[Haifux] FOSS alternatives to an Access-based organizational software solution
eyalroz at technion.ac.il
Sat Dec 4 17:49:11 MSK 2010
I couldn't login at http://demo.geeex.net, I need a username and a
password... from the looks of it, it does some of what we need, not
necessarily the way we need it. It may or may not be a good departure
point from which a developer might start coding. (Assuming it's free
enough to modify.)
Thanks for the 2c+p :-)
I'll start by making an important point, which is that I'm an elected
official whose time is devoted to the political work of the
organization, not to technical issues. In fact, I don't have admin
privileges anywhere. And the person supporting our current app has low
availability unless we contract him specifically for some task. And our
administrative manager's automatic answer about anything tech-related is
"No, let's not change anything, we have too much trouble on our hands as
it is" (which is right about half the time unfortunately).
1. The scaling issue is a significant problem but not the critical one
at this point. We need a sort of a rewrite for other basic design
reasons. But it is indeed possible that an Access rewrite using a real
DB as a backend might work.
2. Yes, I did verify that. But the server will not be more than a
souped-up single PC.
3. So you're not resolving the "web-based or not" dilemma for me... I
will say that there's no specific need for a web-based front-end. The
system only needs to be accessed from our computers, not from anywhere
else. In fact, even a multi-platform frontend is not an absolute
requirement. A Windows client/front-end with a DB-only back-end running
on, well, anything, may be enough at this point. Of course, being
multi-platform is a nice plus. About numbers of records - for daily
tasks you don't need to display a huge amout of data on-screen, but I do
need things like type-ahead find, and sometime you do have a large
number of records with which you need to do something, it just doesn't
involve displaying them.
4. Will try there, thanks. Biased is quite alright, I'm not trying for
the theoretically optimal solution, I'd like to find someone who can
offer me a solution which works, is not overly expensive to
develop/set-up, and can be supported.
> as a non-expert in this area, i will try to give you two cents and a
> penny ;)
> 1. regarding scaling the existing solution - i guess that switching the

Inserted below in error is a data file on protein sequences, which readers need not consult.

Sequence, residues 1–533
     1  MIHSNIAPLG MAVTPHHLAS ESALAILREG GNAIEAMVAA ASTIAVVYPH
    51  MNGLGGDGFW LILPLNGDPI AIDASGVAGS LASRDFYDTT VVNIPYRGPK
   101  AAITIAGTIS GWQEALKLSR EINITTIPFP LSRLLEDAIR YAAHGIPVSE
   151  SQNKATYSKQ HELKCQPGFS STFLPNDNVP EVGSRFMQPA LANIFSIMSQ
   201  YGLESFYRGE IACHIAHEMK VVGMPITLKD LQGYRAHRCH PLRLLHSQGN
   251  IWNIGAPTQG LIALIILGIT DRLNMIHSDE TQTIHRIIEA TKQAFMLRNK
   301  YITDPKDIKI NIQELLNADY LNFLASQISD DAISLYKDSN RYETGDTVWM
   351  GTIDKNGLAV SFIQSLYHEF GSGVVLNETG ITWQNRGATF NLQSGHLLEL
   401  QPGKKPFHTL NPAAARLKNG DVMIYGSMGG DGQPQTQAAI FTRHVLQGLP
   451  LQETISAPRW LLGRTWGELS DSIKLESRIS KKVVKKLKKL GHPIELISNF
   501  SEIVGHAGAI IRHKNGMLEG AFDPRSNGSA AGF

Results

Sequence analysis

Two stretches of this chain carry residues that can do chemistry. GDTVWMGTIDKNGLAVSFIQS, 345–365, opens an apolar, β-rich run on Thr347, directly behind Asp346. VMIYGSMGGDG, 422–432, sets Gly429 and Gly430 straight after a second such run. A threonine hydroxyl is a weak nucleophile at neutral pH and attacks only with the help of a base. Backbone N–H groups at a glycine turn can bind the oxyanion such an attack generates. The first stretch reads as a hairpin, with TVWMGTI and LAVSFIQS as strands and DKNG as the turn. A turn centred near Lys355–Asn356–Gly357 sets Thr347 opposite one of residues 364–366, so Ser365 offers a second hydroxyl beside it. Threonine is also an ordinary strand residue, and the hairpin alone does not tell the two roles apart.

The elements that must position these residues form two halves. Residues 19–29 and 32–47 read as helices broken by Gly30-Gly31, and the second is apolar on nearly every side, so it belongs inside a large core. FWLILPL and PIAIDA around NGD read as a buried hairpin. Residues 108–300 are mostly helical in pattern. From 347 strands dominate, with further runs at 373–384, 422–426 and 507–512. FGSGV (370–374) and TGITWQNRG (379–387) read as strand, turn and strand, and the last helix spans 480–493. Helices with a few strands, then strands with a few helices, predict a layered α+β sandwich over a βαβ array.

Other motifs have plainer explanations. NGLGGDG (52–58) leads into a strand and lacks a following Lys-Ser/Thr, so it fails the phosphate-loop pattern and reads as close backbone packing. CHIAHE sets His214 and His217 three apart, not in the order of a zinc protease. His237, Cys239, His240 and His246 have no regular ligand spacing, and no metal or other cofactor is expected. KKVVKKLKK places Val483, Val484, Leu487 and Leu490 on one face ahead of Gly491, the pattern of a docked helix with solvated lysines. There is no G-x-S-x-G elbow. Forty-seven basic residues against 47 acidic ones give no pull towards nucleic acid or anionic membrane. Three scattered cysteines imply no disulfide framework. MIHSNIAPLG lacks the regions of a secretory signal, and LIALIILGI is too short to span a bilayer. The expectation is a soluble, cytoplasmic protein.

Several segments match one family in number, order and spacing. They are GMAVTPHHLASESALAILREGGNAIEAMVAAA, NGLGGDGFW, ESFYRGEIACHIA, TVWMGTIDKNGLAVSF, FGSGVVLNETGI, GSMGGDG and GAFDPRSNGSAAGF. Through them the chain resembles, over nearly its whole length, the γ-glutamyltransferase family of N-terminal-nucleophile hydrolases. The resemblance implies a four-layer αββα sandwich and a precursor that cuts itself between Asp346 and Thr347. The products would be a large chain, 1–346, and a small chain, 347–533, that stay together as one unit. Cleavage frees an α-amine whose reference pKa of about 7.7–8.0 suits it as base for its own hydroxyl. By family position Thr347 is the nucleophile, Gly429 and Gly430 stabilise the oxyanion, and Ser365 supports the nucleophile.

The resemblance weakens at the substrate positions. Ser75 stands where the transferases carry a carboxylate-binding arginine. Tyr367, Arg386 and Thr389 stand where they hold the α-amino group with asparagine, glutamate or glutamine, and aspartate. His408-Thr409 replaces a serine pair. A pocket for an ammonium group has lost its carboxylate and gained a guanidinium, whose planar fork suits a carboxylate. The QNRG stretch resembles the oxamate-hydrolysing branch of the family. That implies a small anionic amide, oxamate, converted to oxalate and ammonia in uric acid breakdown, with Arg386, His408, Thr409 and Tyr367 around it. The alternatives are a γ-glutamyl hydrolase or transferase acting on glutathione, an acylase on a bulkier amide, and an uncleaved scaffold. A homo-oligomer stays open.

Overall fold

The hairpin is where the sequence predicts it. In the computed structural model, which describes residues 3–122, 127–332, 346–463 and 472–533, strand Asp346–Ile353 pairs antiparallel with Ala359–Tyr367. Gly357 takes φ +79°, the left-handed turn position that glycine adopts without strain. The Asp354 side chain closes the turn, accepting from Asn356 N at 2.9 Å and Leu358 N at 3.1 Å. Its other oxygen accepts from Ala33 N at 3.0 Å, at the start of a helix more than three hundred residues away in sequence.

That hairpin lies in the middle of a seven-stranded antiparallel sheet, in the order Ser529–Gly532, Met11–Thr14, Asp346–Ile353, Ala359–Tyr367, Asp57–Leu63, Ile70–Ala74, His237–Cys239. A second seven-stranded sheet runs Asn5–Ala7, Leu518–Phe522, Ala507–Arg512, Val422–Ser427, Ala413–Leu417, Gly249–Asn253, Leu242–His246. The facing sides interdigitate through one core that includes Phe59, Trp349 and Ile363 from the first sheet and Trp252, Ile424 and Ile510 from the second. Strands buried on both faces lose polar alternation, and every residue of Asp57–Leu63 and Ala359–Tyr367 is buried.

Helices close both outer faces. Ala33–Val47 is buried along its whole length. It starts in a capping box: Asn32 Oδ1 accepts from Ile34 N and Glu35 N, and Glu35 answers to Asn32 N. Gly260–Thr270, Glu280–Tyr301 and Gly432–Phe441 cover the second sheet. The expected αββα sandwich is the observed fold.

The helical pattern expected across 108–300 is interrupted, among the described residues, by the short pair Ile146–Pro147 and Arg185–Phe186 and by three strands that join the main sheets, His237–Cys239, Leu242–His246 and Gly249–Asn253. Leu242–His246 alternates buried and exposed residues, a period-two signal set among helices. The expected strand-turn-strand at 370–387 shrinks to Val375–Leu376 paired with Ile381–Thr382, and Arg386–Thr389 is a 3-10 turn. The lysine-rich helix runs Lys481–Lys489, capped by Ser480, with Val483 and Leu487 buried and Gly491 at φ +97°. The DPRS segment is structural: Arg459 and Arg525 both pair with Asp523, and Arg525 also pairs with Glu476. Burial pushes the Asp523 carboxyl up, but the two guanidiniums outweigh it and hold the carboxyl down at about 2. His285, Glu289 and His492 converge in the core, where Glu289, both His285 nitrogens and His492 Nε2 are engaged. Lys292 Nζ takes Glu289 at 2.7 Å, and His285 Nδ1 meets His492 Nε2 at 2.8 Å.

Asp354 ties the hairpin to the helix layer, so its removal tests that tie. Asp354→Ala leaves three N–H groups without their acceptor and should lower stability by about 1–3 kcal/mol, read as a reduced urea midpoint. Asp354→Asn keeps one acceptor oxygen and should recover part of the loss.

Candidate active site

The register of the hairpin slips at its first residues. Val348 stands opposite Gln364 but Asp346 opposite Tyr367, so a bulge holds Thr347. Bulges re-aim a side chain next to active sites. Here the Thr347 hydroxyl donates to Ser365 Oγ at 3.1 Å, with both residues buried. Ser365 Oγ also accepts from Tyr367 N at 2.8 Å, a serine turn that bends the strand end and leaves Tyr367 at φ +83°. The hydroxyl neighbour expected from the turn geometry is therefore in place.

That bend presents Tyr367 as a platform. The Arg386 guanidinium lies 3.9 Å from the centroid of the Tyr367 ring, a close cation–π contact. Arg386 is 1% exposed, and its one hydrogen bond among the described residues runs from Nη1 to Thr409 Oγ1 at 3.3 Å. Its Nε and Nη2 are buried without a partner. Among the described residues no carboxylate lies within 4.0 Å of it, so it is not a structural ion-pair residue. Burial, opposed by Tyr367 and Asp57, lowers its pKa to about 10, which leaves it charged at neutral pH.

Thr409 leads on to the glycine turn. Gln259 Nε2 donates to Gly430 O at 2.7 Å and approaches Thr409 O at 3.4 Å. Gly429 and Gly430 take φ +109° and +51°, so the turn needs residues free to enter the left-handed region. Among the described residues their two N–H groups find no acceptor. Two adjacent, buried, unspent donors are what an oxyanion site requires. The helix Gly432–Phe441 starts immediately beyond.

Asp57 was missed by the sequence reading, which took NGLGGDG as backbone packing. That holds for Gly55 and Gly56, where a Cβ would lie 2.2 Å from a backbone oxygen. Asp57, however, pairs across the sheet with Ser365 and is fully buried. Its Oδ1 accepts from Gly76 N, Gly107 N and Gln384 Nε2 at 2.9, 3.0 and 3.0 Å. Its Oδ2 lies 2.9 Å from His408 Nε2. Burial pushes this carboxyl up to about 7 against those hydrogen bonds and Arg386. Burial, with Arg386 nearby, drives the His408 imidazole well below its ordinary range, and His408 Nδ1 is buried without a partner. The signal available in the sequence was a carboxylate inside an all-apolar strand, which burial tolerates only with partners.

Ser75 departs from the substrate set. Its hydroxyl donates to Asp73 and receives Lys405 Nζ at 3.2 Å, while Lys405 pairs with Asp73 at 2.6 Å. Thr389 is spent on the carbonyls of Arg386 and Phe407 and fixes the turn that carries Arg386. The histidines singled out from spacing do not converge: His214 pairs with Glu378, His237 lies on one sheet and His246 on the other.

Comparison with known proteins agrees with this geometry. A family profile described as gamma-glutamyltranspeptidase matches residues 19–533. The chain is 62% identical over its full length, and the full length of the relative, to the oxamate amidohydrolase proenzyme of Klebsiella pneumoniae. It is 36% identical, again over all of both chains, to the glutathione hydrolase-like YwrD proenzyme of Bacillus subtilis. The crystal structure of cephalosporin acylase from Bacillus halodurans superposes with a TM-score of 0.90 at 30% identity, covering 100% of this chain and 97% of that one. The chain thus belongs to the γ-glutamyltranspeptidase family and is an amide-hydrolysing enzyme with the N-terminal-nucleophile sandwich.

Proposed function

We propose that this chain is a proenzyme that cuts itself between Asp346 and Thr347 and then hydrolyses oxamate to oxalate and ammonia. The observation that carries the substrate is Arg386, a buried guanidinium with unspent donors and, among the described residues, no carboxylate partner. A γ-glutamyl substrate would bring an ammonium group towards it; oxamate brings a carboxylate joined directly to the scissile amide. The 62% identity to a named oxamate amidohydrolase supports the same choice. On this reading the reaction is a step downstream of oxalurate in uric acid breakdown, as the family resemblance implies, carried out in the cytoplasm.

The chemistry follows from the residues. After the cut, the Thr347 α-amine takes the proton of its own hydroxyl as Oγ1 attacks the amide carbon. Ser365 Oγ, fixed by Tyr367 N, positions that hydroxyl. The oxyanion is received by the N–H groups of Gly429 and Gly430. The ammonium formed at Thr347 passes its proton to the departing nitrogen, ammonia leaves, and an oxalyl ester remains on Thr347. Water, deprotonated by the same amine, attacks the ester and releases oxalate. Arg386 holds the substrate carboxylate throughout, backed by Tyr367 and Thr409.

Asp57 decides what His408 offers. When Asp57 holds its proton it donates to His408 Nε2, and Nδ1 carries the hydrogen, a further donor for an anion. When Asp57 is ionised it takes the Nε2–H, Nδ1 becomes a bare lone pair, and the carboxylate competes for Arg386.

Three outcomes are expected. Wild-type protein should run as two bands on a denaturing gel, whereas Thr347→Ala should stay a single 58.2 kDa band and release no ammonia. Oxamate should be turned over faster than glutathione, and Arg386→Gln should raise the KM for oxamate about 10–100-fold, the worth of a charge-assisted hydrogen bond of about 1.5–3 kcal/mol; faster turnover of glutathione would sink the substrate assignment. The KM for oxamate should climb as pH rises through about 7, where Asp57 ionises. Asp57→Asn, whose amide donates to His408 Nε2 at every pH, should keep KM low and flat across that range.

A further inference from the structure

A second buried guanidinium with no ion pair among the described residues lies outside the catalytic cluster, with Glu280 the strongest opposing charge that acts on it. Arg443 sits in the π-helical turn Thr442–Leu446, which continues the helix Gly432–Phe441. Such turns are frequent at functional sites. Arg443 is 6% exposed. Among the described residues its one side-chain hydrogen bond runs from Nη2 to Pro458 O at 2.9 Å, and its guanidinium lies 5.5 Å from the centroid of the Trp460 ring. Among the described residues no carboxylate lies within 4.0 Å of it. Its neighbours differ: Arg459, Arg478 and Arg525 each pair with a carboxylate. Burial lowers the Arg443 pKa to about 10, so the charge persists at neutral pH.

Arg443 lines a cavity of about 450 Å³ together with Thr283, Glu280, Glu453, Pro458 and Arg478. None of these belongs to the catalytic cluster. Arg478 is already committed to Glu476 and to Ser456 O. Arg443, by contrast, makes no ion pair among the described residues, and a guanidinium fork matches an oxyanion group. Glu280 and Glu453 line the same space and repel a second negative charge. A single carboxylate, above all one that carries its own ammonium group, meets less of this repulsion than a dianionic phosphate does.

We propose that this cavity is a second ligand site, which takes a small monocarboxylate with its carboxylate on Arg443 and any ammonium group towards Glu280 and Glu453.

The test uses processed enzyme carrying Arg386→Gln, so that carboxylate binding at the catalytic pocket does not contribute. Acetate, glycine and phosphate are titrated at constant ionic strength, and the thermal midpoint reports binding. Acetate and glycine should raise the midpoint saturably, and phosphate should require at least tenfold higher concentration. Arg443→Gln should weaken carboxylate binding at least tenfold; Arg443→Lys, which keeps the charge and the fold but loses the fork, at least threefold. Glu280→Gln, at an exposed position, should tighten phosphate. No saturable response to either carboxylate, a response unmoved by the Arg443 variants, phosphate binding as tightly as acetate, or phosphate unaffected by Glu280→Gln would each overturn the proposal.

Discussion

> back-end to using SQL server will make it scale better. further, it
> might be possible to make a crude test of this without changing the
> entire application - i think i remember that access can use SQL server
> as a backend. there used to be a free version of SQL server (that was
> limited to 10 users) - which may be used in such a "proof of concept"
> test. it used to be called MSDE. these days it is simply the "express
> edition" of sql server 2005 or sql server 2008. if you live with the
> limitations it imposes - you might be able to use the free version also
> in production:
> 2. did you verify that you don't need to simply upgrade the server
> hardware? or do you also see the slow down on the client machines?
> 3. i imagine that if you build such a thing today, making it web-based
> will make more sense then writing a full-fledged application client.
> especially if you'll use a linux back-end - since you'll want the
> clients to work on windows. with today's technology, web applications
> data records (e.g. look at google's online spreadsheet application).
> of-course, it'll be a good idea to define the desired interface first,
> and see how much data you want to display at any given time, and make a
> work to show thousands of records on a single screen - so you need to
> figure out if you need to be able to do this on the client - or whether
> viewing by "screens" (show first 100, show next 100, etc.) will be good
> for you when showing query results.
> 4. i would suggest that you subscribe to the linux-il mailing list -
> there are many more people there, and in particular - people that work
> with LAMP for their living - they are likely to be able to give you
> better and more specific advice:
> keep in mind that some of them are consultants and developers that
> provide the development services you are looking for - so they can help
> you better (and on the other hand - they may be biased towards their
> preferred solutions).
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